We believe that women in this civilization were objectified as they were passed from one man to another (father to husband). This is because, when Rhea, was in her teens, was ready to be married off, her guardian (father or close relative) would choose a potential husband on her behalf and negotiate with her husband-to-be on the size of dowry that was to be given in exchange of his daughter. More often that not, an Athenian women teenager would marry a man in his 30 (pedophilia, much?). This was to ensure that Rhea was still a virgin.  A celebration/ “gamos” would be held to honor the passing of a woman/girl from her father to her husband.


Additionally, Rhea would not have known or meet her husband-to-be until the dowry has been made and betrothal had been agreed to. Moreover, it was total absolute that woman/girl who possesses a hefty dowry would marry a man with similar financial background, while a woman/girl in the possession of a lesser dowry would marry a man of lower financial status.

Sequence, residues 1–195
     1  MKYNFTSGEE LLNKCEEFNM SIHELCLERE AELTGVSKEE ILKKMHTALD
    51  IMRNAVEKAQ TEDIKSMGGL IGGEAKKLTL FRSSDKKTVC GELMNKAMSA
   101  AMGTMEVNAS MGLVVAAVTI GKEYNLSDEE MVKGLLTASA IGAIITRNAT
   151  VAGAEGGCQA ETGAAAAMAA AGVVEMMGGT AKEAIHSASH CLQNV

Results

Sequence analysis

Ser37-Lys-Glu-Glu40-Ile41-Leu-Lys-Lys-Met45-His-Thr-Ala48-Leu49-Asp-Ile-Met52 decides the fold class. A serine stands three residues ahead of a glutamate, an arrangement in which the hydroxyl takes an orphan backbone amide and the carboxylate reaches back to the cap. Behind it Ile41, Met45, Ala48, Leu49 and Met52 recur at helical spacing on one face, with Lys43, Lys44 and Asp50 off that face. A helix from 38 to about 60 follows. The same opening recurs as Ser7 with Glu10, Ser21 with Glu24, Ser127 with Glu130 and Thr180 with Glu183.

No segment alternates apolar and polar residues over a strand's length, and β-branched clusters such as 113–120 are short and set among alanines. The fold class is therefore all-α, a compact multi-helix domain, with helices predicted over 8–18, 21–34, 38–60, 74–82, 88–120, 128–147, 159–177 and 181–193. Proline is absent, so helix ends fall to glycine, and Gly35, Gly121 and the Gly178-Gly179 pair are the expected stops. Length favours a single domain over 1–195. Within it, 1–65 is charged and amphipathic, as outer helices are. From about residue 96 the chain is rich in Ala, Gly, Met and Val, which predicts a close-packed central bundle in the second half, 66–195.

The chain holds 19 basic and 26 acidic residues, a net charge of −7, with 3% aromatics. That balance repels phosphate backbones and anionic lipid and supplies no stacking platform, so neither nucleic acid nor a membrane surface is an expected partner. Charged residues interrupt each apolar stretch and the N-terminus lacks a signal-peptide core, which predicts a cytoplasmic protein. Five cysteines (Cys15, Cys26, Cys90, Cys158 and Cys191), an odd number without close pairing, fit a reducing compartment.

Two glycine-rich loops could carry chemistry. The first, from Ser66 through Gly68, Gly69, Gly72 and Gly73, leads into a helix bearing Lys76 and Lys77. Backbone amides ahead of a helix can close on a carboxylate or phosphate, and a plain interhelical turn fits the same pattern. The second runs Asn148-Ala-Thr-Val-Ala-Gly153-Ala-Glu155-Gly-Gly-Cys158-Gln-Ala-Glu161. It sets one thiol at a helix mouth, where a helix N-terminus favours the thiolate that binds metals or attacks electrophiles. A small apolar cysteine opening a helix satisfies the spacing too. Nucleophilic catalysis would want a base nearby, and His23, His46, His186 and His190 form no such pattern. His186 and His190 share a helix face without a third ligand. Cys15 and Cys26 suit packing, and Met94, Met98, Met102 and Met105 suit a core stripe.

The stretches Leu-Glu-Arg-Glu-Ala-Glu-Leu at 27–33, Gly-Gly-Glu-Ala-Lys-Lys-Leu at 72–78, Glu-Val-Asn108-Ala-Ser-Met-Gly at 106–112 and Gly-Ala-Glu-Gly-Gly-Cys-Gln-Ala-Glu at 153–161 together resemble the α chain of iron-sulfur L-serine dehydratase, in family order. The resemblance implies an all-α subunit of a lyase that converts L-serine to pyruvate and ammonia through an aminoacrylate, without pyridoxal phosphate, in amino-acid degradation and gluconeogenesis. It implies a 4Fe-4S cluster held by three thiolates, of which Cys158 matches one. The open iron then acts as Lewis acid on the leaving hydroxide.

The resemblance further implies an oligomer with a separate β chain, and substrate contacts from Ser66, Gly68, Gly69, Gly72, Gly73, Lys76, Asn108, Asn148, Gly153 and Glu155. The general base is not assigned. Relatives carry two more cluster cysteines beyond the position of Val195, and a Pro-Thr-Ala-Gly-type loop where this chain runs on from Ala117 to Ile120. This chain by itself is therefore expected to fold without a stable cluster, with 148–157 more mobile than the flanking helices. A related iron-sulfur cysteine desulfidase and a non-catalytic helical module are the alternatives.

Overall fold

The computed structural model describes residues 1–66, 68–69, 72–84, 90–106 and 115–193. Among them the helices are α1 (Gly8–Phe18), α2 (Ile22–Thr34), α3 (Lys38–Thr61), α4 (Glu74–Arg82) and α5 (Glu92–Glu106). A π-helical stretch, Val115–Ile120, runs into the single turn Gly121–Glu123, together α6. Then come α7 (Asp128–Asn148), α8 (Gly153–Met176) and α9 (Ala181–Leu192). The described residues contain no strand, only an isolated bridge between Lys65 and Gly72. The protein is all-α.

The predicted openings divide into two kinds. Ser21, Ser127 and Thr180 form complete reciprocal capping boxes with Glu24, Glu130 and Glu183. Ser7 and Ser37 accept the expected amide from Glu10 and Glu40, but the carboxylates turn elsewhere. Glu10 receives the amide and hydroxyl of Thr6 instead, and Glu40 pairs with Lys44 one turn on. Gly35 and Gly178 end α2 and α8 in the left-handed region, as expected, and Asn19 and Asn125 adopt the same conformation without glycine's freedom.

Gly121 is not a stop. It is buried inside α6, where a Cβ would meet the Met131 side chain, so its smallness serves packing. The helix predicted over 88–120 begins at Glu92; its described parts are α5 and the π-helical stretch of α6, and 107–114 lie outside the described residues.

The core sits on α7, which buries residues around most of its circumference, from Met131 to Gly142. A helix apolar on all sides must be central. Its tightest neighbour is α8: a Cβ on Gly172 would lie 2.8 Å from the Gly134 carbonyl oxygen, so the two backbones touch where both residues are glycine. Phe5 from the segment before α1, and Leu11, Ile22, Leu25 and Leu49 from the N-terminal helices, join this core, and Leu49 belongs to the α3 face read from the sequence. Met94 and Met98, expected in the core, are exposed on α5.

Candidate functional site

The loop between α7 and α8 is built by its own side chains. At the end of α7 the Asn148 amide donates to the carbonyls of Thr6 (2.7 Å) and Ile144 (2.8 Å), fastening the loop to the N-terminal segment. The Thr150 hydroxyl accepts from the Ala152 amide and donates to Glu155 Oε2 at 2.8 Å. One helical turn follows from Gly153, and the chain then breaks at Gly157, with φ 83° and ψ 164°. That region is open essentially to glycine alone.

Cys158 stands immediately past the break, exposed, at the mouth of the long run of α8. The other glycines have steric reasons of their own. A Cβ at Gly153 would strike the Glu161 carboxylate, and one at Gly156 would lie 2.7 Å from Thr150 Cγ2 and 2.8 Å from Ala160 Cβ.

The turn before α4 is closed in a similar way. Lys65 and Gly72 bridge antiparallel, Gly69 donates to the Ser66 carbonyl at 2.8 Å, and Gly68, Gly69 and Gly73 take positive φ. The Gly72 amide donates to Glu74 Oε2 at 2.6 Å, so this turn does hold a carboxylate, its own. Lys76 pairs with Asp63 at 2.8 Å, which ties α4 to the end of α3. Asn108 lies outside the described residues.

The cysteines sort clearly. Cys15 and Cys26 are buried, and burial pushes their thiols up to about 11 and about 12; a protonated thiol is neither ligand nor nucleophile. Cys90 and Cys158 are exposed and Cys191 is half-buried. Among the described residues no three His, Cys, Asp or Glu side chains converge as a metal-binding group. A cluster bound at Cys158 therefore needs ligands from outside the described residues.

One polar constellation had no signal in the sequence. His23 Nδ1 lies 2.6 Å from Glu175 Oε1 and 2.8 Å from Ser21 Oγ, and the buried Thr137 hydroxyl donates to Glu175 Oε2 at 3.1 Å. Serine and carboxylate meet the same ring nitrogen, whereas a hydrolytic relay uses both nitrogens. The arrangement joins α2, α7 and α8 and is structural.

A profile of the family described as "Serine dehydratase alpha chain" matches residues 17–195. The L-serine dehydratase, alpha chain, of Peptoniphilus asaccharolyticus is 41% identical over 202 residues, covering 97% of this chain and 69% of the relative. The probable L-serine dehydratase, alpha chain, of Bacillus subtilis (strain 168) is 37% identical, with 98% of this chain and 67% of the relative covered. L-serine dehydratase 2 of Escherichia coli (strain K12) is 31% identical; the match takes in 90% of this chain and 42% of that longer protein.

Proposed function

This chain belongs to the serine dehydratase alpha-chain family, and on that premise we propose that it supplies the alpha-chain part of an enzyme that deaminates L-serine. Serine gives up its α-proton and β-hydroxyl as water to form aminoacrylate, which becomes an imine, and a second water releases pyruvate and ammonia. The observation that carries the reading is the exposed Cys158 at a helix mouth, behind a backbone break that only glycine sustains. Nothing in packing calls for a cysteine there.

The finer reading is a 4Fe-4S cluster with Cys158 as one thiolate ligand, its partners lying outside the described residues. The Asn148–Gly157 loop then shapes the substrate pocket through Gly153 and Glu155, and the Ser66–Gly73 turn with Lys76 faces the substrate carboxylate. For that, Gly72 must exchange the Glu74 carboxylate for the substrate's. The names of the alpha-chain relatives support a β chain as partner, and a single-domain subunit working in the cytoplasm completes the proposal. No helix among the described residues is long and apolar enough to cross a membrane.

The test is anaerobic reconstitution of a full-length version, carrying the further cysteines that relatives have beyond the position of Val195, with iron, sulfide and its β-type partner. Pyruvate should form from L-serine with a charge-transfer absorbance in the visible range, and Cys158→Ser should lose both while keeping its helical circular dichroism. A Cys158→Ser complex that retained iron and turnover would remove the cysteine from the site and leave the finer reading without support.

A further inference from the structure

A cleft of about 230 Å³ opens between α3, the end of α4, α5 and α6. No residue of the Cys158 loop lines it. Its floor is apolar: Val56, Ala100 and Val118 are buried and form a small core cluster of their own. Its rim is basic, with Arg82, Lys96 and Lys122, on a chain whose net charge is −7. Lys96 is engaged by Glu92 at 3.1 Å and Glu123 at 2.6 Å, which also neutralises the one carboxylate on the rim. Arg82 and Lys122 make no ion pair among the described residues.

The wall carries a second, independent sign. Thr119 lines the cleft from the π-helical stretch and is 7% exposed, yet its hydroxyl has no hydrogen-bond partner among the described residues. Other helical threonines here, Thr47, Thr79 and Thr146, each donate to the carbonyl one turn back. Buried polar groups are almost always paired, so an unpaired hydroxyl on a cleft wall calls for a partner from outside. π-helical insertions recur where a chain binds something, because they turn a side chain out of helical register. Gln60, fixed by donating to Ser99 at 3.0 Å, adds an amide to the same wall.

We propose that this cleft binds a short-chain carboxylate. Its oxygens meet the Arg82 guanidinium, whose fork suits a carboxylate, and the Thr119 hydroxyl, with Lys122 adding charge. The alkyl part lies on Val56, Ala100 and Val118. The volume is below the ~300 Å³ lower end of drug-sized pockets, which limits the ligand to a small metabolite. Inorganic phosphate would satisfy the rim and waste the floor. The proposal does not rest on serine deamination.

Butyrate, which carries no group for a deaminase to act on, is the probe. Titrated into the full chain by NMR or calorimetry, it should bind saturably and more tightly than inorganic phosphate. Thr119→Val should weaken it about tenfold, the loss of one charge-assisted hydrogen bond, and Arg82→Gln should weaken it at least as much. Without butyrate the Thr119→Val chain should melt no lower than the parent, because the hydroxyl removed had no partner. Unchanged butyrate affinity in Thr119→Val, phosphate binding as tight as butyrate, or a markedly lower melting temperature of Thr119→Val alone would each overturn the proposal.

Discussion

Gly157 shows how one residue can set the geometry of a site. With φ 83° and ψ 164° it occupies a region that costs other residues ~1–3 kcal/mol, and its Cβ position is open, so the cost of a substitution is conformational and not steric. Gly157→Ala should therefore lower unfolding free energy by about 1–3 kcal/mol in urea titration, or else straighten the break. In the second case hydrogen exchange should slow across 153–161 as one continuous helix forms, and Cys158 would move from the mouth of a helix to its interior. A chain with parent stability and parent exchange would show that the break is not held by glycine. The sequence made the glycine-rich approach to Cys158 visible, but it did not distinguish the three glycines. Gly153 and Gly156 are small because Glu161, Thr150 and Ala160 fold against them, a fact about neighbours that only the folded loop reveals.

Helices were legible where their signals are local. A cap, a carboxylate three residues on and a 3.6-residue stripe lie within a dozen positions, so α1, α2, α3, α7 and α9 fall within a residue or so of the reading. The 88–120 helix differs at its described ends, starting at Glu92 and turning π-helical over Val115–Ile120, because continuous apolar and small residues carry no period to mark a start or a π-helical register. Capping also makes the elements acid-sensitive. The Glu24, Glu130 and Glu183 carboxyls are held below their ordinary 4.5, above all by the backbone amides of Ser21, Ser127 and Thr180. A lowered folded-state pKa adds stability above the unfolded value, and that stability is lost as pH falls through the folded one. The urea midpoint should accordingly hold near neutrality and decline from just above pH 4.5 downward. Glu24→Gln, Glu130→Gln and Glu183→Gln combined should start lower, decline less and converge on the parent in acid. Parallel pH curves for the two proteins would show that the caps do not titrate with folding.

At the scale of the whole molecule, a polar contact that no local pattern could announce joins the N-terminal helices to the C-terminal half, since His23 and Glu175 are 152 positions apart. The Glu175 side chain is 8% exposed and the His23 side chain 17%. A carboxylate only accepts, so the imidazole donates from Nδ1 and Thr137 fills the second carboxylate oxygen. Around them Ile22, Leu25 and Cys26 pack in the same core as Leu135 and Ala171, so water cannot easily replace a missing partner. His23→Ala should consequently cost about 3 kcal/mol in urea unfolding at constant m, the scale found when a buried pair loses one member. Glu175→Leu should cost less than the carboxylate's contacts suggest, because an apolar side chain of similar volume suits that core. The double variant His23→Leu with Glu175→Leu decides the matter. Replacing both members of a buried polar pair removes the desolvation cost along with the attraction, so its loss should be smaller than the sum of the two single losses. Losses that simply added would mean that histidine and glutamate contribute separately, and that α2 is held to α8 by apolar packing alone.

In Athens, we assert that the main purpose of a dowry was to enlist the aid of the bride’s family to contribute to foundation of the capital to start a family. This means that, a man, Rhea’s husband would be the one handling business affairs of the family. Another function of the dowry in Athens was to provide a financial base that would assure the necessities of woman’s life as wife – to make sure that: Rhea was financially capable to support herself and her children in the event her husband died or wanted a divorce.


Here in Athens, the dowry was managed by Rhea’s husband who could spend the takings on his family however he felt was right – however the dowry, itself belongs to the Rhea. While there were no legal requirement that Rhea’s husband must provide a dowry, there were societal pressure to do so in Athens. Back then, it was unthinkable for a man to not provide a dowry for his wife-to-be during this period. This was because the absence of a dowry would question the legitimacy of an Athenian marriage.


Moreover,  in the event of a divorce, or her husband’s death, the value of the dowry would belong to Rhea to sustain her family. However, the rule “woman could not own property” still applies. Thus, even though the dowry belongs to Rhea, she would still need a man to manage it on her behalf. In return, this dowry would help provide for the maintenance of Rhea’s family (something like an insurance  policy to us in this era!).


In the eyes of the law, Rhea is not eligible to own any property, thus while she possess the dowry, only a man is able to manage it, like for her husband as an example. Marriage in the ancient times doesn’t sound so fun anymore does it?


*Rhea’s story is based on: